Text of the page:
Business in Brief

Civil defense siren apps proliferating, Intel planning temporary transfer of some Israel staff to Ireland, Mashable highlights impact of fighting on Israel's high-tech sector.

Ofer Vaknin

Civil defense siren apps proliferating
Since it was inaugurated last week, thousands of Israelis have downloaded “Tzeva Adom,” a free app for cellphones that was privately developed and which provides warnings regarding where sirens are sounding around the country in the face of rocket barrages from the Gaza Strip. The Israel Defense Forces’ Home Front Command, the country’s civil defense agency, warns, however, that that app is unofficial and sometimes provides only delayed warning of a rocket launch. There are a number of similar apps — with virtually identical names — including one developed two years ago by Kobi Snir that has been downloaded by over 100,000 users. The new Tzeva Adom app, which in Hebrew means “Code Red,” the code name for an incoming rocket attack, was developed by a startup called Tooleap, which has developed a cellular platform for more generalized use that allows users to launch apps by clicking on floating bubbles on their home screen. (Amitai Ziv)

Intel planning temporary transfer of some Kiryat Gat staff to Ireland, but not due to the security situation
About 300 employees at Intel’s computer chip plant in Kiryat Gat in Israel’s south may be transferred temporarily in the coming months to Intel facilities in Ireland. The move is unrelated to the security situation in the south, which has been particularly hard-hit by rocket barrages from the Gaza Strip. Most of those slated for transfer are technicians and technical engineers, although U.S.-based Intel has made it clear that the plan has not yet received final approval. There are currently about 60 employees of Intel Israel working in Ireland as part of the company’s efforts to encourage cooperation among various Intel sites. The transfers are for a period of up to two years. Intel in Israel is facing a temporary oversupply of staff since its acquisition in September of last year of a Micron chip plant in Kiryat Gat, where construction of a new plant that would employ the workers is anticipated. (Amir Teig)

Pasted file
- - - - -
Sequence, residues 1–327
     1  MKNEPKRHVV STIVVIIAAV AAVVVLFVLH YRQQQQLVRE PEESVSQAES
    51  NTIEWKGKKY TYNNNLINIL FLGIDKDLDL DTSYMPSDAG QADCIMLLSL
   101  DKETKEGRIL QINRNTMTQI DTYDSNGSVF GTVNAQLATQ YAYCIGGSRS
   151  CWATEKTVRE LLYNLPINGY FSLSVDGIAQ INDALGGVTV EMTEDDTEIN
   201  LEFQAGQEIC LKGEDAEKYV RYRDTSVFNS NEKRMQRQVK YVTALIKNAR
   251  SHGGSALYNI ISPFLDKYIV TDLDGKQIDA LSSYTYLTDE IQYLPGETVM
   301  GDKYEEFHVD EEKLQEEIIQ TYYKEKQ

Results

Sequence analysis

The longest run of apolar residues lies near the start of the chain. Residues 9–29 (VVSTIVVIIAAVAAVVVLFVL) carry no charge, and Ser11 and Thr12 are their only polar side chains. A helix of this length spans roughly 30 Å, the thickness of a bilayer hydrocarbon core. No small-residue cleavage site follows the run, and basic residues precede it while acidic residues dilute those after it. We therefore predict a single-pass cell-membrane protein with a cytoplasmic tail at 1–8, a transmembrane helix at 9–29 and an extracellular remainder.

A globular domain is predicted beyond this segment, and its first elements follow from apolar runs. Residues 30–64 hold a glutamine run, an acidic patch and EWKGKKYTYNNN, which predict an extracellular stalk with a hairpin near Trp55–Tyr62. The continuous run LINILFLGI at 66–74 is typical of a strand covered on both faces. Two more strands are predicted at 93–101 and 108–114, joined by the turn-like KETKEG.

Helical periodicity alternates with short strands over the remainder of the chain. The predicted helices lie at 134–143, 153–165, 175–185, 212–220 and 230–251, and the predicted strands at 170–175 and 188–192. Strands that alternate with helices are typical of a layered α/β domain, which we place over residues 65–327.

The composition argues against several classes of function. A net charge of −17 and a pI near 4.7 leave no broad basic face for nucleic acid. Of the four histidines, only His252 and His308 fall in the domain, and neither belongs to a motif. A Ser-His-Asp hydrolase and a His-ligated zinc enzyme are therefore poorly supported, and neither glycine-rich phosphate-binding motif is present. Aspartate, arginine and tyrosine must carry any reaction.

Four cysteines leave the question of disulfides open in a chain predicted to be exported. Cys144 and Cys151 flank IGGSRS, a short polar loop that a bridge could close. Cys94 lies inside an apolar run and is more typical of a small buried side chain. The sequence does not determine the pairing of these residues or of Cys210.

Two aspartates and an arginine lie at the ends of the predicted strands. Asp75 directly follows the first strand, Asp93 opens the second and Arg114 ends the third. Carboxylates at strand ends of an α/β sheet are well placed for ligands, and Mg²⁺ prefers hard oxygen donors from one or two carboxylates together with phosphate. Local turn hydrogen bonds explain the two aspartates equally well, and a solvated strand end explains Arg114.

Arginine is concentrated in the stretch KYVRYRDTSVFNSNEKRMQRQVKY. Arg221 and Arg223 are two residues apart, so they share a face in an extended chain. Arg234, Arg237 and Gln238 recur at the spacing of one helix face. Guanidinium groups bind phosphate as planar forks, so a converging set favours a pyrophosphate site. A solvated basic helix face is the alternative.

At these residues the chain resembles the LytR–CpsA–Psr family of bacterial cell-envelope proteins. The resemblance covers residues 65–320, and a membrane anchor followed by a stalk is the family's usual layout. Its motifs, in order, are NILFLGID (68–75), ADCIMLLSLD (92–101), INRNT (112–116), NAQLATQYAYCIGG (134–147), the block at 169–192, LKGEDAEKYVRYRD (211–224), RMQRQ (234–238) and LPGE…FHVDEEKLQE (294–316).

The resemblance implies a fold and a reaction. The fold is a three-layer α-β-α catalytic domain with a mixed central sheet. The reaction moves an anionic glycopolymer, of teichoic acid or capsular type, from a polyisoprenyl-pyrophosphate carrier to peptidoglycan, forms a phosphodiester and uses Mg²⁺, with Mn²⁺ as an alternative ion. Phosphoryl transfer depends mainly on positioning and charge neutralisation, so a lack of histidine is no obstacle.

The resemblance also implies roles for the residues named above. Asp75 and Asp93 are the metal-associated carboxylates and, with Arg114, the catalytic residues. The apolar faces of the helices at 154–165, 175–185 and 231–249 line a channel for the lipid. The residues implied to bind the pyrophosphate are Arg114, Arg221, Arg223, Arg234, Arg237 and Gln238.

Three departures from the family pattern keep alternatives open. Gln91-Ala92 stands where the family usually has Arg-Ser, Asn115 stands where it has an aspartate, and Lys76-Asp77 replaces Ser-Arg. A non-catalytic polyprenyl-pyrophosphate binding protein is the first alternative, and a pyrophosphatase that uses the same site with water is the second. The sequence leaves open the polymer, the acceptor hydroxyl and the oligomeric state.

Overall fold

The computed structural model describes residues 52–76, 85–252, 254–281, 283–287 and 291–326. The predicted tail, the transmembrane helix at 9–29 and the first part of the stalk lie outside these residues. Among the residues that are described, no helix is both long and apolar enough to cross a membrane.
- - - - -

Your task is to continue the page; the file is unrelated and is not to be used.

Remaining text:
Mashable highlights impact of fighting on Israel’s high-tech sector
This past week, Mashable, the technology and social media site, highlighted the effects of the rocket attacks on Israel and the Israeli military response on Israel’s technology sector. Work at some firms has been disrupted by the call-up for reserve duty of some industry staffers, the site noted, and “intermittent rocket attacks also inevitably create stress and make it hard to focus on work.” Mashable quoted former Answers.com CEO Bob Rosenschein, who is the founder of Curiyo, a browser app developer, as saying “it’s absolutely nerve-wracking.” And Aleph venture capital fund founder Michael Eisenberg told the website that under the current circumstances everything is proceeding normally “until it isn’t,” adding that “people are trying to put a positive light on it.” (TheMarker)